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Despite these challenges, village health teams were highly motivated, particularly because of the trust invested in them by the community. Being a member of a village health team was also seen to confer respect and higher social status. Provision of bicycles and branded T-shirts were also found to be highly motivating, and several other practical factors supporting their work were identified.

The project team suggest a number of changes that could enhance the activities of village health teams, including stronger supervision, support with transport and provision of mobile phones. Continuing involvement of communities in selection of village health team members was felt to be essential. The potential extension of the approach to other age groups was highlighted, as well as its possible adoption by other government programmes outside health. The study’s findings have been communicated to the Ugandan Ministry of Health to inform its decision-making.

The study results found that the incidence of fever, cough/pneumonia and diarrhoea in areas where ICCM was being implemented was lower than seen in previous population surveys, suggesting a positive impact on disease control. Access to health services was increased and use of health facilities decreased, and village health teams were found also to be promoting preventive measures contributing to a decline in disease in children under-five.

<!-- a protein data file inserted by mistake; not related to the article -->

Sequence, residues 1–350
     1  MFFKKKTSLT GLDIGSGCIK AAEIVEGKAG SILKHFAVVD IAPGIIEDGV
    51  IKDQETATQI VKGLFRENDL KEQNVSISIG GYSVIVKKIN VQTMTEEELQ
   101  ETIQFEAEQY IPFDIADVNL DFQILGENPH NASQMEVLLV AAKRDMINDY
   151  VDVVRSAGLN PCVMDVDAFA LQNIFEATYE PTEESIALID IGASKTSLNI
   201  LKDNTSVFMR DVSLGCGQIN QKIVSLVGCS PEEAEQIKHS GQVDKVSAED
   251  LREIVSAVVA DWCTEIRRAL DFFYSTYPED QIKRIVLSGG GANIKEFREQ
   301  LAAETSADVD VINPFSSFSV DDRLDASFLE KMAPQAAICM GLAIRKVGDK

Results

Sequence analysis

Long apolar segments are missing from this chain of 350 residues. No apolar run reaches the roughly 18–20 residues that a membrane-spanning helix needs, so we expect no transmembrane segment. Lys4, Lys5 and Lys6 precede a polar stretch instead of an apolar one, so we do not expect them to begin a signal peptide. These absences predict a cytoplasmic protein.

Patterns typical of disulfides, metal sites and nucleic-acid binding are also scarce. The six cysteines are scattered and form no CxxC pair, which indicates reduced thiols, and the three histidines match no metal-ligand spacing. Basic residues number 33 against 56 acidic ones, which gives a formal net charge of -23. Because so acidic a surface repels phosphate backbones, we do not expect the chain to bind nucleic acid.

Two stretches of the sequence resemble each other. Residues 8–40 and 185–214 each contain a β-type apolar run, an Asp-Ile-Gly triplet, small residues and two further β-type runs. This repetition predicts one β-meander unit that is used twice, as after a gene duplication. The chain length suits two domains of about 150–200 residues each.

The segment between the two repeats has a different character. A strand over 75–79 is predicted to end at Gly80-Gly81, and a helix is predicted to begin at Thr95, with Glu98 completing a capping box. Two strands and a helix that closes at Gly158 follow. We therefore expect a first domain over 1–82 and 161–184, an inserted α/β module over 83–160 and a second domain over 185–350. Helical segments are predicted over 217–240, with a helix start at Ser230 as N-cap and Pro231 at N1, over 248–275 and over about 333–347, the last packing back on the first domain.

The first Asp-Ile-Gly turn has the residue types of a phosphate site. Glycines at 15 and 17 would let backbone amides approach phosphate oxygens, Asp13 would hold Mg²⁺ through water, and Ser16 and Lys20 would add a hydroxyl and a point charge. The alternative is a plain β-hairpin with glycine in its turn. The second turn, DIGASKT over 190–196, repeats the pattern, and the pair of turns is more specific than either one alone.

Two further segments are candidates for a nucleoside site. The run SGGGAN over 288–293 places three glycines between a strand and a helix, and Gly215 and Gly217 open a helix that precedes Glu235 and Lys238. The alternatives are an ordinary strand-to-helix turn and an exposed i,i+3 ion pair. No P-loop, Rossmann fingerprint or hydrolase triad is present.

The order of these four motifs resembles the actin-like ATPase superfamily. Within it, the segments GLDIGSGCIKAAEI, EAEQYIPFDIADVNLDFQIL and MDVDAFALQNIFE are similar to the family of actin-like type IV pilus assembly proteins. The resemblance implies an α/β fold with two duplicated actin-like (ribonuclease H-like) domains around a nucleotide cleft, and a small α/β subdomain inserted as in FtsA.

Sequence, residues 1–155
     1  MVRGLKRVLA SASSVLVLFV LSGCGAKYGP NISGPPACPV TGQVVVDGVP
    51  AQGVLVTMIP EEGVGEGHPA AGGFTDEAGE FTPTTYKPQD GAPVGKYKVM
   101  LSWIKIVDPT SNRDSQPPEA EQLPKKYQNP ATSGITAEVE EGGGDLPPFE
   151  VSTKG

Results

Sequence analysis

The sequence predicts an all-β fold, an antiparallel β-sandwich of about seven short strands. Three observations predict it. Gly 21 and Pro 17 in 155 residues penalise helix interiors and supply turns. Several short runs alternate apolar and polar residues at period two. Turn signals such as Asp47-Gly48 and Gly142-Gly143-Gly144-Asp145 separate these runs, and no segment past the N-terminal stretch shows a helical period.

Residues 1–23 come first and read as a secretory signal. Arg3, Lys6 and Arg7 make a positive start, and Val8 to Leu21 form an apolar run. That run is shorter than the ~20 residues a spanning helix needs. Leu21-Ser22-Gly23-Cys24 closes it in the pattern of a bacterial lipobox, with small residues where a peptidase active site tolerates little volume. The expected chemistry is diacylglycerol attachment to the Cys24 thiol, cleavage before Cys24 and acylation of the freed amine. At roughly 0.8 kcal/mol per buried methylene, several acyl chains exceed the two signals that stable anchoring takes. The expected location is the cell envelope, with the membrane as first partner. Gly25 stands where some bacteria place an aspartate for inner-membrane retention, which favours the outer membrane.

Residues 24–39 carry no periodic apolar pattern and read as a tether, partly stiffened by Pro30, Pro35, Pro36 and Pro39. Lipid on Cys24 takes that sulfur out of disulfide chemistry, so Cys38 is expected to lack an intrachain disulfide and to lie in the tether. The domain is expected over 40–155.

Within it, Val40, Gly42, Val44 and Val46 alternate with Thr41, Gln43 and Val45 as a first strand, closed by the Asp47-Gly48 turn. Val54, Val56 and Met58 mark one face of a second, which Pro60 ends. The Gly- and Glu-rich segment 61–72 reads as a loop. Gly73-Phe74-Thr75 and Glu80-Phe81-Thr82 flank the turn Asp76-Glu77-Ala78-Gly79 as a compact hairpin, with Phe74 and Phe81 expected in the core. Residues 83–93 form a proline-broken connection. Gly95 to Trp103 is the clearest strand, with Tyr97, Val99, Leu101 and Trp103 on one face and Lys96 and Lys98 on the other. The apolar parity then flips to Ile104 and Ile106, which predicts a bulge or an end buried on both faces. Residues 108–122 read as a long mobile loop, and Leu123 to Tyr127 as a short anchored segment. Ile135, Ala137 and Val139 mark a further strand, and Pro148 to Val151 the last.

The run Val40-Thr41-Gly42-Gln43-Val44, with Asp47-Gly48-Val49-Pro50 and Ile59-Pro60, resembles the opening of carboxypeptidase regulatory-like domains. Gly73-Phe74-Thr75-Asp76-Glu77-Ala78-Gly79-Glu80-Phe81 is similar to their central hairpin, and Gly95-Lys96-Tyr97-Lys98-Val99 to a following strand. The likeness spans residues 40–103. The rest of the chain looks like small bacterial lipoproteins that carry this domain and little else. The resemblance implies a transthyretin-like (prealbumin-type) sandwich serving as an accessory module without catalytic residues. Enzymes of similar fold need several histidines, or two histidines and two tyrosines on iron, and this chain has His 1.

Overall caretakers’ satisfaction with village health team services was high (81% positive). Supply chain reliability received the lowest favourability ratings, and a range of shortcomings in the supply chain system were identified.

It found that 95% of villages in the 15 study districts had village health teams and almost all had been trained in ICCM during the previous two quarters. However, many teams lacked the commodities (including medications) needed to treat malaria, pneumonia or diarrhoea. The project also identified a range of barriers affecting how well the new approach was being integrated into existing logistics management and health information systems.

Integrated community case management (ICCM) is a strategy promoting care of common childhood illness within communities, to increase the availability of life-saving treatments and reduce reliance on health facilities. ICCM is typically implemented by village health teams, composed of five village health workers selected by the community. Inclusion of malaria in the package of care services is extending the range of common diseases that such teams can manage.

The PSIA project undertook an assessment of implementation activities co-funded by the Global Fund, to provide evidence to support wider use of ICCM in additional districts, with Ugandan Government support.

A Participating States-Initiated Activity (PSIA) funded by Uganda has identified some of the key factors associated with the effective implementation of community-based approaches to malaria treatment.

Implementing integrated community case management for malaria